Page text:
Coca-Cola: The Power Of A Good Dividend Company

Jul.23.12 | About: The Coca-Cola (KO)

A lot of people like to use history as a guide for judging investments, and on the surface it's difficult to fault this logic. If we know where a stock has been and where it is today, one can determine whether or not it has been a "good" investment. But of course agreeing on whether or not an investment was "good" has two inherent problems. First and foremost, while the past might give insights into the future, historical returns by no means set a precedent for upcoming potential. That is, while it might be nice to know that Apple (NASDAQ:AAPL) returned 75 times your money from 2003 to 2012, this in no way helps you to make a decision today.

Secondly, one cannot judge an investment in singularity. More specifically we must be able to compare our investments to their applicable opportunities. For example, just knowing that your investment had an average 6% return over the last decade doesn't tell you too much. If in the same period the market returned 2% a year, given the same level of risk, then your investment looks pretty attractive. On the other hand, if the market returned 12% annually, given the same level of risk, then your investments' "attractiveness" might fade. Although to be sure even this comparison would be incomplete. Let's look at an illustrative example to deepen our understanding.

Imagine that you have a stock price time machine. The date is July 1st of 1998. Although your stock price time machine is highly accurate, it only let's you see the future prices of two securities: Coca-Cola (NYSE:KO) and Berkshire Hathaway (NYSE:BRK.B). On July 1st of 1998 KO opens at $85.50 a share. On July 2nd of 2012 you see that KO is trading at $78.10, without splitting its stock. And you might think that this is some kind of tragedy. On July 1st, 1998 BRK.B opens at $52.26 (split adjusted). On July 2nd of 2012 you see that BRK.B is trading at $83.34. And you might think that this is some kind of triumph. After-all, we're in the market to make money rather than to lose it, correct? Berkshire Hathaway looks like a clear winner: an initial investment in BRK.B in 1998 would have returned an average price return of 3.65% a year, while an initial investment in KO would have returned an average price return of -0.69% a year.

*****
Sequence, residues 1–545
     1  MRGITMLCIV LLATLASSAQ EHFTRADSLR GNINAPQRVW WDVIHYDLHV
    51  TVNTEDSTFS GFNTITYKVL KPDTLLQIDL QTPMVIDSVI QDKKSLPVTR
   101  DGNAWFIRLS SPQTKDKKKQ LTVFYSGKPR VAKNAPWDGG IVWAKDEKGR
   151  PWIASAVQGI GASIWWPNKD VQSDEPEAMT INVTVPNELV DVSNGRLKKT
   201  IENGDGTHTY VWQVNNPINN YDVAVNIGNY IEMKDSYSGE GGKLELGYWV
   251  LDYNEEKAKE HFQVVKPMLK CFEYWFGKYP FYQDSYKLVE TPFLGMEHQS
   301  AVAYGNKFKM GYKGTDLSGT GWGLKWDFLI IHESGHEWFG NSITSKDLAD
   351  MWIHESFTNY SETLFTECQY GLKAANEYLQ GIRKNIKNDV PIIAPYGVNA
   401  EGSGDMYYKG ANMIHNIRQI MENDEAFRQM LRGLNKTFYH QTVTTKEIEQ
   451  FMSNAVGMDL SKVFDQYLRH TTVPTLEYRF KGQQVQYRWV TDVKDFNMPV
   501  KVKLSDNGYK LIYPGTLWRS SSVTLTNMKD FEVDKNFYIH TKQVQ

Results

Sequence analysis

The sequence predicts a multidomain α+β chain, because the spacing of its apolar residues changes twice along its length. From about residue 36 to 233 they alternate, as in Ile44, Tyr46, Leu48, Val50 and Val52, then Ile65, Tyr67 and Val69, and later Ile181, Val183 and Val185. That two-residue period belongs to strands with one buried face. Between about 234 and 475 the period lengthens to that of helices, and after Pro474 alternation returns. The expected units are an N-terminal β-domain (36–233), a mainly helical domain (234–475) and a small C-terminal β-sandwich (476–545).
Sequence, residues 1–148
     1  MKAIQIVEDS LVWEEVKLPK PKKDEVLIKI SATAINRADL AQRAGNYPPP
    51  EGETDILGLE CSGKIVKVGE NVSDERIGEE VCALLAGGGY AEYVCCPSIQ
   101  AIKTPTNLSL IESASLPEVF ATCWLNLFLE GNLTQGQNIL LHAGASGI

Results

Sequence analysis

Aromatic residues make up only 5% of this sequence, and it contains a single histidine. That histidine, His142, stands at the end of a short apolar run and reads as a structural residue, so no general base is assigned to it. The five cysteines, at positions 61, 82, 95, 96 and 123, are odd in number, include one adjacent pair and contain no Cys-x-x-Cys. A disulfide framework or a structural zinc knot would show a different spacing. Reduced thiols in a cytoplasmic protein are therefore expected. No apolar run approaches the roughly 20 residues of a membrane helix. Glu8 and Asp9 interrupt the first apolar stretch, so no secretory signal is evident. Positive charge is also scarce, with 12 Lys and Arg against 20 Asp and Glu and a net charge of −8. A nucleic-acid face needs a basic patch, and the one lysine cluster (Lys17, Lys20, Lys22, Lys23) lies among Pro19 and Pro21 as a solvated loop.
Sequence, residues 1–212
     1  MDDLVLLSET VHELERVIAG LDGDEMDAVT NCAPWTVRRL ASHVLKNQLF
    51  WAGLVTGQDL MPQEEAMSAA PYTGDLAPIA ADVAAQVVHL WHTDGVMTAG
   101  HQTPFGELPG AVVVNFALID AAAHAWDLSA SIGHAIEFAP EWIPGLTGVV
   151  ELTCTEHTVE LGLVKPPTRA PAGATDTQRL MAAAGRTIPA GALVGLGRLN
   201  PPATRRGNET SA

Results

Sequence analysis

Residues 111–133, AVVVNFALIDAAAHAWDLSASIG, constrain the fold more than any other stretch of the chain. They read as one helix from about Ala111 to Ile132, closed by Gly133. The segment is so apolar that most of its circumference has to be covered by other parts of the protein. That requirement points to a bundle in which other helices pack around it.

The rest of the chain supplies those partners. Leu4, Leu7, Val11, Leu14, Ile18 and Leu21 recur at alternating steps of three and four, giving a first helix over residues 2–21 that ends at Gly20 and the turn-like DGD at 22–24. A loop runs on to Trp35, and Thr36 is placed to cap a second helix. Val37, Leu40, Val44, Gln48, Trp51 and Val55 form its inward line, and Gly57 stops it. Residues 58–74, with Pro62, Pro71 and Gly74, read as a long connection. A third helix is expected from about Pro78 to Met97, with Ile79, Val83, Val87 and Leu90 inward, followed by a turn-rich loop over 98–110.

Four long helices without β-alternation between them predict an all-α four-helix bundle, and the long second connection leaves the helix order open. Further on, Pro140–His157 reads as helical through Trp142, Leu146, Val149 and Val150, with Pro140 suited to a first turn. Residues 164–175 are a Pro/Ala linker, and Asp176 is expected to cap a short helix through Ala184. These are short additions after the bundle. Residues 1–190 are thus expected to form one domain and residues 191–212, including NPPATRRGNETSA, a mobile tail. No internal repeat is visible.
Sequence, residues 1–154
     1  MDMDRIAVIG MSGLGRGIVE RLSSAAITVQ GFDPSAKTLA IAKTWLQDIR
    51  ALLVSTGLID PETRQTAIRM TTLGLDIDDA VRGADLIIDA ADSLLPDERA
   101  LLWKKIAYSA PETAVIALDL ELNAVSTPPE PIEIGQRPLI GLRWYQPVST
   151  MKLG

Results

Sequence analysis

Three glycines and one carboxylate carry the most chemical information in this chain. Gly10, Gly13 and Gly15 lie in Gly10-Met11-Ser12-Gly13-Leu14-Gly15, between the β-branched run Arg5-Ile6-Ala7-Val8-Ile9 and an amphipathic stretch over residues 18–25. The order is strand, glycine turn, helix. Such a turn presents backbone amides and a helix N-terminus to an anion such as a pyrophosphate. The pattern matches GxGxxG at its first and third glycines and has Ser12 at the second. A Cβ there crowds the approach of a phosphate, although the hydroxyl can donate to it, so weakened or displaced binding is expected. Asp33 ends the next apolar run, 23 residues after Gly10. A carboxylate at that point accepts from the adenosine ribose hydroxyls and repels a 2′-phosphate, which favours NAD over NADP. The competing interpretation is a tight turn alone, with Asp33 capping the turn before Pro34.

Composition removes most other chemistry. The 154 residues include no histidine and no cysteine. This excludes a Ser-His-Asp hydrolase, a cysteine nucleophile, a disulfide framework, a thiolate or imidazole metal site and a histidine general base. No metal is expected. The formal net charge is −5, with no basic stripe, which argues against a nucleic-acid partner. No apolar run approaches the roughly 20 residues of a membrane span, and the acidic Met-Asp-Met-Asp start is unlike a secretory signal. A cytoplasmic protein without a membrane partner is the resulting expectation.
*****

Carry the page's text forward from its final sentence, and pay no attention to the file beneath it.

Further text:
However, there is a natural problem in impulsively announcing a better investment based on a couple of numbers. First, we haven't yet included dividends into the example. But more importantly, investors don't just invest everything at once and then sit on their hands hoping that they happened to pick the next Apple (AAPL). Rather, we invest regularly. Allow us to assume that an investor has the opportunity to invest $1,000 a year in either KO or BRK.B, knowing where the prices end up in 2012. Which would you choose? Of course we cannot make that distinction without doing the applicable math:

Coca-Cola (KO)
First Day Invested Price Shares Dividend $ Div Reinvest
1-Jul-98 $1,000 $85.50 11.69591 $0.30 $3.51 0.04
1999 $1,000 $67.00 26.66232 $0.64 $17.06 0.25
2000 $1,000 $58.00 44.15838 $0.68 $30.03 0.52
2001 $1,000 $60.94 61.08568 $0.72 $43.98 0.72
2002 $1,000 $46.80 83.17493 $0.80 $66.54 1.42
2003 $1,000 $44.15 107.2468 $0.88 $94.38 2.14
2004 $1,000 $50.80 129.0695 $1.00 $129.07 2.54
2005 $1,000 $41.90 155.4766 $1.12 $174.13 4.16
2006 $1,000 $40.79 184.1483 $1.24 $228.34 5.60
2007 $1,000 $47.80 210.6668 $1.36 $286.51 5.99
2008 $1,000 $61.45 232.9341 $1.52 $354.06 5.76
2009 $1,000 $45.40 260.7223 $1.64 $427.58 9.42
2010 $1,000 $57.16 287.6352 $1.76 $506.24 8.86
2011 $1,000 $65.88 311.6708 $1.88 $585.94 8.89
2-Jul-12 $78.10
320.56 shares 2012 Value $25,036.12
Click to enlarge

Here we made the assumption that the $1,000 would be invested on July 1st of 1998 and then on the opening trading day of each subsequent year until 2011. In total, we would invest $14,000. It is assumed that dividends are reinvested and for simplicity the 2012 dividends are used for "a night on the town." We see that a total periodic investment of $14,000 started in 1998 turns into a value of roughly $25,000 by 2012, despite the stock price "stagnating" for over a decade. The underlying reason behind this of course is the fact that the stock price dropped significantly in the middle years, along with the reinvestment of dividends. Personally, I would take solace in the fact that I could generate $9,000 in value from an investment that never reaches my initial investment's cost basis.